On 30th May, 90th F.A. marched to Demuin then, on June 1st, entrained at Marcelcave railway station for the journey to Bailleul and new brigade quarters at Le Verrier, arriving at midnight and taking billets at Ferme du Bois.

On June 6th, the whole of 90th F.A. packed up and was ready to be on the move at 30 minutes’ notice and remained on standby until June 9th, at which point the orders were cancelled and everything unpacked again. This period was marked by periods of heavy shelling, as noted in the unit diary. On June 10th orders to pack were again received. On 13th, 14th infantry division marched to Eecke. The number of men who ‘fell out’ (i.e. could not continue marching and got left behind) concerned the commanding officer of 90th F.A. to the degree where he went to Brigade HQ to suggest that any future marches in the prevailing hot weather be undertaken at night. June 13th also saw the admission of cases of sunstroke to the Field Ambulance.

On 15th June, the unit took buses to Coudekerque. Two days later they marched – this time in the evening – on to Coxyde via Dunkirk, Zuydcoote and Funnes.

With a hint of pride in having been proved right, the CO notes in the unit diary: “The night march was a great success and the men arrived very fit after a 30 kilometre march”.

The next few weeks saw regular comings and goings of sick and wounded, punctuated by references to enemy activity.

A typical diary entry is that of July 19th:

“Admissions: 1 officer and 11 OR (other ranks) and the same number sent to XV Corps MDS (main dressing station). 1 (returned to) Duty, 9 remain. There was considerable hostile activity last night and between 8pm and 10pm this morning 140 wounded passed through the ADS (advanced dressing station) which was again hit by shell fire but not damaged. Everything worked well and cases were easily evacuated.”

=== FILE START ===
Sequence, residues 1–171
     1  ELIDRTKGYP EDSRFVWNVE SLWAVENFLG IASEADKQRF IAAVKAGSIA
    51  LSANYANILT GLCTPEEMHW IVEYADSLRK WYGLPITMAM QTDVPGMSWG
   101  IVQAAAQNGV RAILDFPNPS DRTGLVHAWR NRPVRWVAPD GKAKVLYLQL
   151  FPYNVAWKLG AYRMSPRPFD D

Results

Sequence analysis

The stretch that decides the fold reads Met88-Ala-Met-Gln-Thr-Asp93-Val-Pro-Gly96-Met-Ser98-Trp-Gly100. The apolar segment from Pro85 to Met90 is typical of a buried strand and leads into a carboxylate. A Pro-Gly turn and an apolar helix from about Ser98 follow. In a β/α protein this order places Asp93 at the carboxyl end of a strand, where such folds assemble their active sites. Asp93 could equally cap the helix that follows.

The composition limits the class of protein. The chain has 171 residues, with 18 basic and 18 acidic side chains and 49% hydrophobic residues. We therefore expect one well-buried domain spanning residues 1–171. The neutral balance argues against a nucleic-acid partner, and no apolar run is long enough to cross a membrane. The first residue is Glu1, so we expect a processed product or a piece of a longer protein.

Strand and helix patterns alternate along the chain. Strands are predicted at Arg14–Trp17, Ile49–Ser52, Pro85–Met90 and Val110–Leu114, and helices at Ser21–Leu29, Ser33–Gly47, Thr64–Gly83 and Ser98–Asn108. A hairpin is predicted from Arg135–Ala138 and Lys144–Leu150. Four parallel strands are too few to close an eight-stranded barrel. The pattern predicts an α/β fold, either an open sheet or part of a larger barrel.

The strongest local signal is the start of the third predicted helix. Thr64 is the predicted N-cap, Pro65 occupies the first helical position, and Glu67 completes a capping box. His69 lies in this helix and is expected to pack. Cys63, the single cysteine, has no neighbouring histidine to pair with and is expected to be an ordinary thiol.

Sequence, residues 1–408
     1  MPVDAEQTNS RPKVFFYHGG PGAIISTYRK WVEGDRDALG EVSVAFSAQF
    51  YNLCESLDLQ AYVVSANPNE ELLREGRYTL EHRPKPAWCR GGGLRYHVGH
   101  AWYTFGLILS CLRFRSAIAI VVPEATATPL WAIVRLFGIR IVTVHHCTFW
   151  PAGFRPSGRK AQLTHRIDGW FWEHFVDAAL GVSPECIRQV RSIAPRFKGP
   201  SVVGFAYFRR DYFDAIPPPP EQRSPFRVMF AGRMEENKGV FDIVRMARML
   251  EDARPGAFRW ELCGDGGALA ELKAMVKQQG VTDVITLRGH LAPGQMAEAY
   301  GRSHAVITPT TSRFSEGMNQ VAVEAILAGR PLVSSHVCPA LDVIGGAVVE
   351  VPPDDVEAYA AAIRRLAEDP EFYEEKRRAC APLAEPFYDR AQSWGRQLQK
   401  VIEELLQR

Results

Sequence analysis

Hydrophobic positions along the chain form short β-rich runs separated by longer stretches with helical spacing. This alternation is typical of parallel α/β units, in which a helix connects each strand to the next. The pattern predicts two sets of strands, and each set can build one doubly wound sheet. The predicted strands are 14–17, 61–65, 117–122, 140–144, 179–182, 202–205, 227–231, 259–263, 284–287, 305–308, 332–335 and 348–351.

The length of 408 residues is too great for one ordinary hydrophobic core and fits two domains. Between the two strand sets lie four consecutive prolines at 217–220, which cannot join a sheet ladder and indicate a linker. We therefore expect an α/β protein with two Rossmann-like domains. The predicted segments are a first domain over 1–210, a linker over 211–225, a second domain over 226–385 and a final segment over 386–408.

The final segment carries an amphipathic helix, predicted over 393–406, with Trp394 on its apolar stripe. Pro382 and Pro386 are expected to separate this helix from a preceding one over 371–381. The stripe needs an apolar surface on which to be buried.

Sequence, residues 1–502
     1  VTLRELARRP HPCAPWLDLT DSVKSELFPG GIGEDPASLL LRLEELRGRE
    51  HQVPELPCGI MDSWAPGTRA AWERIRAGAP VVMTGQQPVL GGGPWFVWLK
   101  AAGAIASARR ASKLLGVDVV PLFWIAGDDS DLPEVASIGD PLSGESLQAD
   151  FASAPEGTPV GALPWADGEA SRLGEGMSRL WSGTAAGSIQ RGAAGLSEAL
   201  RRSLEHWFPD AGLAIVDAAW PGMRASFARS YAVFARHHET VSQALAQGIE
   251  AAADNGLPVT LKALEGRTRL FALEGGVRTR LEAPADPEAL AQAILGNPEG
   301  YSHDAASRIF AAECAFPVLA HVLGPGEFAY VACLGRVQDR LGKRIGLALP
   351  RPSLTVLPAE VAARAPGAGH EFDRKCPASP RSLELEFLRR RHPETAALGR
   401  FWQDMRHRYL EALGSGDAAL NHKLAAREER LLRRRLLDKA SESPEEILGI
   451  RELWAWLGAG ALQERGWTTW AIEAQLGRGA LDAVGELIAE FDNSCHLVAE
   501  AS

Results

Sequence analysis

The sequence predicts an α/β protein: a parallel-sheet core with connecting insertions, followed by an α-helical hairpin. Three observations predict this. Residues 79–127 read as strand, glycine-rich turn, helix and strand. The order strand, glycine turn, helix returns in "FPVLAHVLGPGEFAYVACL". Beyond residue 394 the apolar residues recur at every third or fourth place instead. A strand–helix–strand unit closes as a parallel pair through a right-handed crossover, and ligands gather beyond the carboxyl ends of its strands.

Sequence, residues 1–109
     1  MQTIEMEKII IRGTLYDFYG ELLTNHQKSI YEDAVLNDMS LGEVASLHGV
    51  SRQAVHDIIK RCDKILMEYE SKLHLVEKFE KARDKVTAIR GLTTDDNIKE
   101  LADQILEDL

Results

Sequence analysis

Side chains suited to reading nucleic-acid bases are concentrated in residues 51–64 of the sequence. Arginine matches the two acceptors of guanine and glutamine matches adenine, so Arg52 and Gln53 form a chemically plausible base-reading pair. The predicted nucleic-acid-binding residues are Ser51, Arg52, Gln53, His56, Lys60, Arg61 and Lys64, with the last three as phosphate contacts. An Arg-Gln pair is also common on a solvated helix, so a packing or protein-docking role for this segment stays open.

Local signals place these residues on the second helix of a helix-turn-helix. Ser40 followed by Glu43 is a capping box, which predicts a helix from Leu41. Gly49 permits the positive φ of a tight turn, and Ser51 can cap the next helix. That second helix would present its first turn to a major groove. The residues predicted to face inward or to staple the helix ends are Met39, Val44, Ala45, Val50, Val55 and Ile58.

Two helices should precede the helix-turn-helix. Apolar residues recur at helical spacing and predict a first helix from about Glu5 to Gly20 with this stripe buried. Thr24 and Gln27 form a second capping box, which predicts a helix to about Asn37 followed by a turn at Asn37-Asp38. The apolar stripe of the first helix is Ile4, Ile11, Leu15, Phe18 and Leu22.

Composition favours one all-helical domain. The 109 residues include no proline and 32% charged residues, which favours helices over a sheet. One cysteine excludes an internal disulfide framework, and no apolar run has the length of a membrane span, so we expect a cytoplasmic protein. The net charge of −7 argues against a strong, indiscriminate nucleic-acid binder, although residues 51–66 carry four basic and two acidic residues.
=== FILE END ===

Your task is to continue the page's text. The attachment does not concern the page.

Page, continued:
The unit moved to Leffrinckoucke on 20th July, returning to Coxyde on 3rd August and took over from 1/1 West Riding Field Ambulance, with 50 ‘beds’ in an old factory for ‘lying cases’ and billets in nearby houses. 14th Infantry Brigade moved back into position in the La Panne area.

Harry Holley's Death

Harry Holley was killed on 7th August 1917, having served just 12 weeks at the front.

On 10th August, the unit diary records: “No 89476 Pte H. Holley and No 112793 Pte H. Kain RAMC were killed outside Nieuport on night of 7th. Direct hit on dugout in the [?] while working for 92 Field Ambulance. Both bodies were brought down last night and they were buried in military cemetery Coxyde this afternoon.”

The note on Harry Holley’s service record relating to his death is barely legible, but states ‘Received from 90th Field Amb, Killed in Action, in the field, 7.8.17.’ The ‘Remarks’ are completely illegible and the whole is signed by C.O. George Bray.

This is an excellent illustraiton of how difficult it is to be sure where someone served (and/or died) unless you have a specific written reference. Even though we know that Harry Holley was with 90th Field Ambulance, we need the unit diary records to tell us that he died while 'on loan' to 92nd Field Ambulance.

Livnig relatives

This form W5080 from August 1917 lists the surviving relatives of Harry Holley, showing his father and mother living at 102 West Avenue with Edwin, Lilian, Mabel and Elsie. Sister Edith is living at this time at 108 Church Hill, Radstock.